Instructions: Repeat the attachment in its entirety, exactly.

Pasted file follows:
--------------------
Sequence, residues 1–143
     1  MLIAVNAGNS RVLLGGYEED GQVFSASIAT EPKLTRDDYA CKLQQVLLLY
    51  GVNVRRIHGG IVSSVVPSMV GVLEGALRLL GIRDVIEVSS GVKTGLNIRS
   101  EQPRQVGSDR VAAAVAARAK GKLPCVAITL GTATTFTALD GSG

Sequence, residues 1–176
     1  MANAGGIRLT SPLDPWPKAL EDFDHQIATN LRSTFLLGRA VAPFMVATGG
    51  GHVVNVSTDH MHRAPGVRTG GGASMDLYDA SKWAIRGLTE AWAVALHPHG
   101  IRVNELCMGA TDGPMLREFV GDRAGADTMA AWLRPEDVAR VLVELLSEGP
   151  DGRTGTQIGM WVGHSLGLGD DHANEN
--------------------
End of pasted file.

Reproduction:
Sequence, residues 1–143
     1  MLIAVNAGNS RVLLGGYEED GQVFSASIAT EPKLTRDDYA CKLQQVLLLY
    51  GVNVRRIHGG IVSSVVPSMV GVLEGALRLL GIRDVIEVSS GVKTGLNIRS
   101  EQPRQVGSDR VAAAVAARAK GKLPCVAITL GTATTFTALD GSG

Sequence, residues 1–176
     1  MANAGGIRLT SPLDPWPKAL EDFDHQIATN LRSTFLLGRA VAPFMVATGG
    51  GHVVNVSTDH MHRAPGVRTG GGASMDLYDA SKWAIRGLTE AWAVALHPHG
   101  IRVNELCMGA TDGPMLREFV GDRAGADTMA AWLRPEDVAR VLVELLSEGP
   151  DGRTGTQIGM WVGHSLGLGD DHANEN